Average yearly price: $12.

Buying storage and traffic

The second thing you need to purchase is enough space on the internet where the blog will be hosted. There needs to be a computer somewhere where your blog will be installed and unfortunately, chances are you can’t use your own computer. Hosting a website is a bit more expensive than buying a domain – usually around $5-10 a month. The majority of sites offering domain names also offer hosting, so you can buy everything in one place. Sites where you can find hosting include,, or

Average yearly price: $45.

The third thing, which can turn out to be most expensive of all, is traffic. As people visit your blog, they upload information to the server where the blog is hosted, and download your content in return. This process is not free. Usually, hosting sites will offer packages which include a certain amount of bandwidth. So the next logical question would be – how much bandwidth do I need to run a blog?

A lot of hosting providers will offer unlimited bandwidth, which is a tempting offer. If your budget is fairly big and you expect your site to grow fast, by all means go ahead. But chances are your budget is limited and your blog will grow slowly. There is no need to buy expensive packages straight away. Instead, you should take the basic one for starters, and work your way up as your traffic grows. You can use one of many bandwidth calculators to evaluate just how much bandwidth you (will) need.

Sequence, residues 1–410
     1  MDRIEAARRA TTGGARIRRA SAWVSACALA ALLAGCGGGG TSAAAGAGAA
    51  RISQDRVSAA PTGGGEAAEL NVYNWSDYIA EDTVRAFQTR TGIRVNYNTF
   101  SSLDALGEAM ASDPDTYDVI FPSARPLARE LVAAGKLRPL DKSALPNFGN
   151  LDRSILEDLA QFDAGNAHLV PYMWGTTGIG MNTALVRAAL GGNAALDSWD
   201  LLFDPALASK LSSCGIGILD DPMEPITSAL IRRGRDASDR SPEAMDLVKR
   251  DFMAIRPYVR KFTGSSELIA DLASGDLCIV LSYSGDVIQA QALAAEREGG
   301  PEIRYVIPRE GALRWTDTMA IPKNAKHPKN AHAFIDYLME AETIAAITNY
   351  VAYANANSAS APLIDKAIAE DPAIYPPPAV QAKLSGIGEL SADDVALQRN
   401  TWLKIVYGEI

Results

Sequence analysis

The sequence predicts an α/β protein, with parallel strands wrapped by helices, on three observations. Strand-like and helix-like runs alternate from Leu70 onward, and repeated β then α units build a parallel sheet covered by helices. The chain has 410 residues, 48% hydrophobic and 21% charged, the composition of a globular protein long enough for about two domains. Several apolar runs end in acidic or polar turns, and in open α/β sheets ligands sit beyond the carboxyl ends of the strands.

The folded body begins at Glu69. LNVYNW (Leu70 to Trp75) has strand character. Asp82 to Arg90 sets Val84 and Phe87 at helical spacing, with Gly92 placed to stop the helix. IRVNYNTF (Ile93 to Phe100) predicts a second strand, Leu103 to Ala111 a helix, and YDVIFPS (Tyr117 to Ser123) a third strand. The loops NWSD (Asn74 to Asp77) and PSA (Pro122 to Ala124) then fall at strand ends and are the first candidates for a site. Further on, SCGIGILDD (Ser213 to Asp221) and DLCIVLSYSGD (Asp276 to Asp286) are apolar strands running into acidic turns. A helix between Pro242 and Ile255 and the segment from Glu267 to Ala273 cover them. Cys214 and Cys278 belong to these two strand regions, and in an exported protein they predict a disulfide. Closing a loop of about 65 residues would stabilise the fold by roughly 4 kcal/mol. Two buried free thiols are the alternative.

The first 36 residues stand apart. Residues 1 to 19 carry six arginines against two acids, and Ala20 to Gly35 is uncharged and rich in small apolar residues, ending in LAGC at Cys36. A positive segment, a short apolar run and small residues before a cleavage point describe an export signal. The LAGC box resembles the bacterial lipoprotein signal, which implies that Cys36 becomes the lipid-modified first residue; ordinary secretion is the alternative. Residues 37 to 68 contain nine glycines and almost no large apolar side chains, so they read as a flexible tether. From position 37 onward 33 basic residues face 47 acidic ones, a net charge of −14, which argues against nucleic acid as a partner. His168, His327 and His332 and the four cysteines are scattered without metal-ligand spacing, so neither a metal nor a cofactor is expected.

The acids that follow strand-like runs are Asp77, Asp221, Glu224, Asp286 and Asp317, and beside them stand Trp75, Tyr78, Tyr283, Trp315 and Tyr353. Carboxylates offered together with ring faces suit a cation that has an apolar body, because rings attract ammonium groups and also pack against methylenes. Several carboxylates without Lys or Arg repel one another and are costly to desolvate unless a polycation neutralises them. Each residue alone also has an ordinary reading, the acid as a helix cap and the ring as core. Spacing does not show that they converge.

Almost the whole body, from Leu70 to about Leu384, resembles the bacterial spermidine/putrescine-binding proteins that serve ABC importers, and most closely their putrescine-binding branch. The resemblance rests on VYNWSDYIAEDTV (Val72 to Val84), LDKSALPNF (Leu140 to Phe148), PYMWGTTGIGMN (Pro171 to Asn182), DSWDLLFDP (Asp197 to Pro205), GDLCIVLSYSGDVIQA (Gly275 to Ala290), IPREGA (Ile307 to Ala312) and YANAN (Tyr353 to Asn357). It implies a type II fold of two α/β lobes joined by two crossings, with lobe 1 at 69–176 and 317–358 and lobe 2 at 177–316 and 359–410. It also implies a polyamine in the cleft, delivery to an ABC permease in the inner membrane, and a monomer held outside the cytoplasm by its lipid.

Average yearly price: $0 (included in hosting packages).

Designing the site

Here comes the tricky part – if you don’t have even the most basic knowledge of web design, this is really something you should invest a more serious amount into. Your blog’s design is just like your domain name – it can make or break your business. There are two crucial elements you should keep in mind, the technical and the aesthetical.

The technical is fairly simple – do you know how to design a website, or install a pre-designed blog, such as WordPress? If no – you can learn, watch a few YouTube videos and a couple of tutorials and give it a try. I wouldn’t recommend it as it will take a lot of your time for something that’s five minutes’ work for someone who knows what they’re doing.

blogThe second thing is aesthetics. There have been countless studies and endless books on design – what works and what not. People have done research where visitors first look when they open a new site, how long they stick around and if they even scroll through the site or not. It is EXTREMELY important to take advantage of that knowledge, otherwise some great content may stay forever lost in a sea of websites.